Diego Schwartzman has left the tennis world in disbelief after pulling off the hardest task in the sport: beating Rafael Nadal on clay.
Nadal crashed out of the Italian Open on Saturday, falling to a straight sets defeat to Argentine Schwartzman in a tournament the Spaniard had won nine times.
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Eight-seeded Schwartzman meted out a punishing 6-2, 7-5 loss in Nadal's final warm-up before his bid for a 13th French Open, and record-equalling 20th Grand Slam in just over a week.
Nadal was vying for a remarkable third straight clay court title in Rome, but his gutsy opponent obviously failed to read the script.
Schwartzman - who had never once beaten Nadal - brutally exposed the World No.2's shaky serve, breaking the Spaniard twice before taking out the opening set.
The second was a much tenser affair but again it was the eighth-seeded underdog who came out on top, much to the astonishment of onlookers.
What is going on with Nadal 🥺. Shwartzman is just breaking your serve anyhow 😳— ig @fab_yemmie (@fab_yemmie) September 19, 2020
This is some brilliance from @dieschwartzman . Defeating the king of clay Rafael Nadal on clay in straight sets is unbelievable. He was consistent right from the word go. Aggressive attitude did the rest.#diegoschwartzman #rafaelnadal @RafaelNadal #italianopen #RomeMasters— Karan (@KaranChoksi6) September 19, 2020
😱😱😲😲🔥🔥👌👌— ThaLaPaThYaN (@tamizhanlogesh) September 19, 2020
Insane stuff & unbelievable!!@dieschwartzman Vs @RafaelNadal#Schwartzman defeats #Nadal in clay & reached SEMI FINALS in #IBI20
Whatta way to reach semi??
Whatta straight win????#Tennis #IBI2020
My God Schwartzman is Nadaling on clay VS Nadal!— Manar Salah (@Manora23) September 19, 2020
Epic level of shotmaking from Diego, he might be able to pull that elusive win over Rafa after all!#ATPRome
“It was not my night at all,” said Nadal, who had won all nine previous meetings against 28-year-old Schwartzman, but could not match his rival's stunning game on the red clay of the Foro Italico.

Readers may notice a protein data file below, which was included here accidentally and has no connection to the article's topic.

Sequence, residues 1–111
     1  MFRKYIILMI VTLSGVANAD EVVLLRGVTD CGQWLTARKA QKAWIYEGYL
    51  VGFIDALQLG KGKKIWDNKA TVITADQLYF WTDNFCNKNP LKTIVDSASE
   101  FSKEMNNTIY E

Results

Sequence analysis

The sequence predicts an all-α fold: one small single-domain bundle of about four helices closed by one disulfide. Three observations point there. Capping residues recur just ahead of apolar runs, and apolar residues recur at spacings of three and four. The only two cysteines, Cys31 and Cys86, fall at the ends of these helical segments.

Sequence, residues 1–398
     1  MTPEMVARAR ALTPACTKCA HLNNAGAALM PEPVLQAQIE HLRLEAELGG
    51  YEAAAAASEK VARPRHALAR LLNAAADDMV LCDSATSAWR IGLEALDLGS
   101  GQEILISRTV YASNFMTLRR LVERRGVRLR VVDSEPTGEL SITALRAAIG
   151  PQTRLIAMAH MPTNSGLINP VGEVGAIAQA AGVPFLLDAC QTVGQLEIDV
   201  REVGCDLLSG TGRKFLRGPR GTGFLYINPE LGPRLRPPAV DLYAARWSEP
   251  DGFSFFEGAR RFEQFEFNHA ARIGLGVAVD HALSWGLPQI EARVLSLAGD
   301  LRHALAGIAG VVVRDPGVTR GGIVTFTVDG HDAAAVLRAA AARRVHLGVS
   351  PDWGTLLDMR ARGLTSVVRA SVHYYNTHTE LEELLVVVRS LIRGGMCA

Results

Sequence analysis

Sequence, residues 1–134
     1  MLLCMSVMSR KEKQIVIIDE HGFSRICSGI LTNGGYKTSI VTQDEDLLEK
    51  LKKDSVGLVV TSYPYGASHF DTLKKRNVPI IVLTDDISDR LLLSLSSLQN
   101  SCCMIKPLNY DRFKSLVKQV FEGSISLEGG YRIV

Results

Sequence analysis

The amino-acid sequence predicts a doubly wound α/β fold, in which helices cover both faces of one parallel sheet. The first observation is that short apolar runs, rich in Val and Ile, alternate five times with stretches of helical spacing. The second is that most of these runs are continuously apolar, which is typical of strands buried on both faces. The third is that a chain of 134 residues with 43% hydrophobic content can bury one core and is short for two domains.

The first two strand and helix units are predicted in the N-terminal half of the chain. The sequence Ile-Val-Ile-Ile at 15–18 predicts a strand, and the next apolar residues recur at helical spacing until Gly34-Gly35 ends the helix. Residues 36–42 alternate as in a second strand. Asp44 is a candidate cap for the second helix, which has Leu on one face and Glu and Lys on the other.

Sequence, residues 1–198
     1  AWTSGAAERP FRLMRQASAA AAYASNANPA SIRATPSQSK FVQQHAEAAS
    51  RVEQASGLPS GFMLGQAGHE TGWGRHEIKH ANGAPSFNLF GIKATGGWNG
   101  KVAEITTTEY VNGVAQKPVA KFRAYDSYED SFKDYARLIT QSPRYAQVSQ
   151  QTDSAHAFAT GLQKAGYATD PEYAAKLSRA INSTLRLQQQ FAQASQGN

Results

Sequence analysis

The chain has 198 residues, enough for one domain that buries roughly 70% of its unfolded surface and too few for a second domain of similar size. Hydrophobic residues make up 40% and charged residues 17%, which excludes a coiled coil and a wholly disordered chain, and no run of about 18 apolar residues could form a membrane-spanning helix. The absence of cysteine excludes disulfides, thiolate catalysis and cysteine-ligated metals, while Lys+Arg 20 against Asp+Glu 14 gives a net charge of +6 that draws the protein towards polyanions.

“He played a great match, not me, when this happens you have to lose,” continued the 34-year-old.
“It's not a moment for excuses. I've spent a long time without competing, I played two good matches.”
The two-time defending champion was making his comeback after a six-month coronavirus-enforced break having skipped the US Open ahead of Roland Garros with its first round on September 27.
“Losing as many serves, you can't expect to win a match, it's something that I have to fix, I know how to do it,” he warned.
“It's a special and unpredictable year, I'll probably go back home and let's see.”
Schwartzman next plays Canadian 12th seed Denis Shapovalov for a place in the final.
“Today I played my best tennis,” said the Argentine.
Angry Djokovic rolls on in Rome
Meanwhile, World No.1 Novak Djokovic let his frustrations spill over in a two-hour battle with 97th-ranked German rival Dominik Koepfer.
Two weeks after his US Open default for accidently hitting a line judge with a ball, the Serb struggled to contain his emotions, throwing his racket after a lost service game, with shouts of anger resounding in the silence of the empty Central Court.
"Well, let me tell you that it's not the first nor the last racquet that I'll break in my career. I have done it before," he warned.
"I'll probably do it again. I don't want to do it, but when it comes, it happens.
"That's how I guess I release sometimes my anger."
Djokovic was broken four times before advancing to his 11th semi-final in Rome, where he reached the final nine times and won four titles.
The 33-year-old next plays Norway's Casper Ruud who also needed to fight to get past Italian fourth seed Matteo Berrettini 4-6, 6-3, 7-6 (7/5).